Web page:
The biggest threats to the economic boom and financial markets today are a deflationary Federal Reserve and the specter of a global trade war. Solve those problems and the American economy can keep flying high on its own power. And Mr. Trump’s critics will be proved wrong again.

When you decrease taxes and regulations on businesses, we all gain. That combination, if allowed to continue, will bring us continued economic growth.

The Economic Numbers From October

First of all, the following chart is found at the Bureau of Labor Statistics website. It shows the Workforce Participation Rate in recent years.

The number 62.9 is not a great number, but it is a step in the right direction.

Below is a chart posted at the Bureau of Labor Statistics website showing the unemployment rate for October.

The fact that the unemployment rate remained steady as the labor participation rate increased is good news for Americans. It means that there is continued growth in the job market.

Today The Wall Street Journal posted more good economic news:

Strong hiring and low unemployment are delivering U.S. workers their best pay raises in nearly a decade.

Employers shook off a September slowdown to add 250,000 jobs to their payrolls in October, above monthly averages in recent years, the Labor Department said Friday. With unemployment holding at 3.7%, a 49-year low, and employers competing for scarce workers, wages increased 3.1% from a year earlier, the biggest year-over-year gain for average hourly earnings since 2009.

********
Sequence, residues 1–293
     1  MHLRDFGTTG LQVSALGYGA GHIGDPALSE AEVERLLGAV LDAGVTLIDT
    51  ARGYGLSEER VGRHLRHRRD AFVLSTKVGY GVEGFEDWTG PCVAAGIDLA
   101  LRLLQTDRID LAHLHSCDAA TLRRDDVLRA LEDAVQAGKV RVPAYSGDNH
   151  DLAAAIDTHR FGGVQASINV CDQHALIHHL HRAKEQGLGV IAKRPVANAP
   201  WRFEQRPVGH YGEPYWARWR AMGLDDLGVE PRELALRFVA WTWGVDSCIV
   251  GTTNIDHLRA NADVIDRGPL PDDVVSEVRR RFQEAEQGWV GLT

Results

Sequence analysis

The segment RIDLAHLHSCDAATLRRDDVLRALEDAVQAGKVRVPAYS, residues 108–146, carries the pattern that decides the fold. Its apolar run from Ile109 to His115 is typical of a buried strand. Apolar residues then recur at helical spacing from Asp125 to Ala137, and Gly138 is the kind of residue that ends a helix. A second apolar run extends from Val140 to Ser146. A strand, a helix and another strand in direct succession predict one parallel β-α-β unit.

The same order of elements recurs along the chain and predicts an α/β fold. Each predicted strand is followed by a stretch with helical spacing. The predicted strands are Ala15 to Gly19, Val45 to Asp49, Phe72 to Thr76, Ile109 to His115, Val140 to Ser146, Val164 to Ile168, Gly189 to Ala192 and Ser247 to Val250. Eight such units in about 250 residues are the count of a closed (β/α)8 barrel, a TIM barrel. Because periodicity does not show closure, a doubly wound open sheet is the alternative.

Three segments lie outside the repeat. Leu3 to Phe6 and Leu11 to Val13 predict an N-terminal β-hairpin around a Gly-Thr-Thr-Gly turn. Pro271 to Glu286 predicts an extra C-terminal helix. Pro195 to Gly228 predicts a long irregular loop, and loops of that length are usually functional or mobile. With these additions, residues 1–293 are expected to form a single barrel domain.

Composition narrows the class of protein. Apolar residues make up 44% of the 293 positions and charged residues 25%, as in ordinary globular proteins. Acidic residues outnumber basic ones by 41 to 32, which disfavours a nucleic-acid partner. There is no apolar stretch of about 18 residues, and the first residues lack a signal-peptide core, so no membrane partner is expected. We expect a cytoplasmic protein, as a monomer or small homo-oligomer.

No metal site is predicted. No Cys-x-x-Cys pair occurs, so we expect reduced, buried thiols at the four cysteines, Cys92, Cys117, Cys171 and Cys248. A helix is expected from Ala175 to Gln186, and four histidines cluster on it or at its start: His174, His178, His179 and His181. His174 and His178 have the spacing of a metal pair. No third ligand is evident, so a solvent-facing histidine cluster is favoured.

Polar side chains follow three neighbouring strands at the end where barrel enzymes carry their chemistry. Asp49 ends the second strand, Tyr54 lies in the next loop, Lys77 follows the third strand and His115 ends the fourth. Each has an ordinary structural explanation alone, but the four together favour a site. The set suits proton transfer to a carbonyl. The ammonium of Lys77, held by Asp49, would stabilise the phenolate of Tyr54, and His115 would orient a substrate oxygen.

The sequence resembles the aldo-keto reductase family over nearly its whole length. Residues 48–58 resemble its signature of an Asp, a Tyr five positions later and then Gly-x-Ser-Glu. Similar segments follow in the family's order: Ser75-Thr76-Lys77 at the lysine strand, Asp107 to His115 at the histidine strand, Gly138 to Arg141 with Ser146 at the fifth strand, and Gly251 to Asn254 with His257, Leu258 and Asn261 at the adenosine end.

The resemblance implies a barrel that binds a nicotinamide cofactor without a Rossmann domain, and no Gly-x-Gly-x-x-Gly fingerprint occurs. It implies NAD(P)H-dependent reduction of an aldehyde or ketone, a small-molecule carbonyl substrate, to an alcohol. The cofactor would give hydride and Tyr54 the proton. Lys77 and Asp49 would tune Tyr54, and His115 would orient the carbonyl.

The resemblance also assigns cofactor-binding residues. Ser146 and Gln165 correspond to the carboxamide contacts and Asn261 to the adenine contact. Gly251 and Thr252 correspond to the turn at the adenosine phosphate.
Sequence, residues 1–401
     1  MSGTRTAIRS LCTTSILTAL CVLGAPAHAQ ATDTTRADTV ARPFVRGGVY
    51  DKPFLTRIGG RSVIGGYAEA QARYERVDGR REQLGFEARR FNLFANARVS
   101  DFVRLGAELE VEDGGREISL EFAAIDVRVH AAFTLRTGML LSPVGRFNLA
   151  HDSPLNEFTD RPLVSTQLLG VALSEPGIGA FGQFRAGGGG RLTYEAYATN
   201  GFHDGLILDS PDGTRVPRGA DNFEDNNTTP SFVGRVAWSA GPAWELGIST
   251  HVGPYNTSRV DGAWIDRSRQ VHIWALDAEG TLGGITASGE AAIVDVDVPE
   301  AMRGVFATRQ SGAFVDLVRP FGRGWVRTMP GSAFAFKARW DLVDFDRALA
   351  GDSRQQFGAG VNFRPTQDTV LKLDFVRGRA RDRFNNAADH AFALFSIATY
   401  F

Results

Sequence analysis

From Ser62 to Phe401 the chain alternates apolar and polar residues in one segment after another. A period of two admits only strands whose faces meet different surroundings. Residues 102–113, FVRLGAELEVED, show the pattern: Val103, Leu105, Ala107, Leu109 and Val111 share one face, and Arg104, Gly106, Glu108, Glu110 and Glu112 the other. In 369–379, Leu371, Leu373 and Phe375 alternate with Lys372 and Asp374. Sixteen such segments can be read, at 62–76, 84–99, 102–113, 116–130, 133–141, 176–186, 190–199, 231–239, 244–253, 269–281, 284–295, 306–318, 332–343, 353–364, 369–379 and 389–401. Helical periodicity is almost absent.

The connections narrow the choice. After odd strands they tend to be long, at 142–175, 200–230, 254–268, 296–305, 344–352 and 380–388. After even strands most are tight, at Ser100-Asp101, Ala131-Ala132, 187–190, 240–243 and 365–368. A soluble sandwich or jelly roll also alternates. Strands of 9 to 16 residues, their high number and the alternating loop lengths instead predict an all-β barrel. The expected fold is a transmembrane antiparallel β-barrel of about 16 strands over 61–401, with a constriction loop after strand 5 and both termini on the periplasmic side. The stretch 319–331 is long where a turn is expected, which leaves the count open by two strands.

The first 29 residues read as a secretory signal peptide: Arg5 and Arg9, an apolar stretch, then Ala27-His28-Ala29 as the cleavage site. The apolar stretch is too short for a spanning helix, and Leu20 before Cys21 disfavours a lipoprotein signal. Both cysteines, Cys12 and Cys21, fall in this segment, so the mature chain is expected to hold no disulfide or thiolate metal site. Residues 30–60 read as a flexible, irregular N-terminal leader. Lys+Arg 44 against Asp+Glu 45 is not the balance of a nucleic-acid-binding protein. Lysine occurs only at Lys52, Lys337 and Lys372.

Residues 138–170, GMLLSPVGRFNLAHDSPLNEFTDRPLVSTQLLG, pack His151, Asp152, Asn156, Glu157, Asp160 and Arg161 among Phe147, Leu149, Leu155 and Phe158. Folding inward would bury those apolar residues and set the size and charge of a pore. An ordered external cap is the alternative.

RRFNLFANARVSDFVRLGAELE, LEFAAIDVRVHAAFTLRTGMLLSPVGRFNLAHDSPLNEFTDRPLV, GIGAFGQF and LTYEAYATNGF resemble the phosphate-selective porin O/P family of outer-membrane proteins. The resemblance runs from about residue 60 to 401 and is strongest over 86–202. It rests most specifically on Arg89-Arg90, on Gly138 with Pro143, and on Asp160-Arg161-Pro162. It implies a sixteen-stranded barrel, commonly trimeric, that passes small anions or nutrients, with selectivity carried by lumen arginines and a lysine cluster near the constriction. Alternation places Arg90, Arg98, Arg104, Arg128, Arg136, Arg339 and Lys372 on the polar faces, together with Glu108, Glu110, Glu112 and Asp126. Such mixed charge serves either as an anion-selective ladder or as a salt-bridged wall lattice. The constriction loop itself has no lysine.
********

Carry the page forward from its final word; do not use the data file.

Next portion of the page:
…The share of Americans in their prime working years, between 25 and 54, who are working or looking for work rose to the highest rate since 2010 last month, at 82.3%.

President Trump touted the figures in a tweet Friday, just days before midterm elections that will decide control of Congress. “Wages UP! These are incredible numbers,” Mr. Trump said.

Employers have added to their payrolls for a record 97 straight months.

This is the Trump economy. The Federal Reserve is beginning to raise interest levels to more normal levels, which may slow down the growth of the economy, but keeping interest rates at artificially low levels is not a good long-term strategy. We still have a need to control our spending and get the national debt under control, but strong economic growth and a lessening of the need for welfare programs should begin that process. There will be some adjustments along the way–low interest rates will no longer be keeping the stock market artificially high and rising interest rates may slow the housing market, but raising interest rates will also help bring us back to a more balanced economy.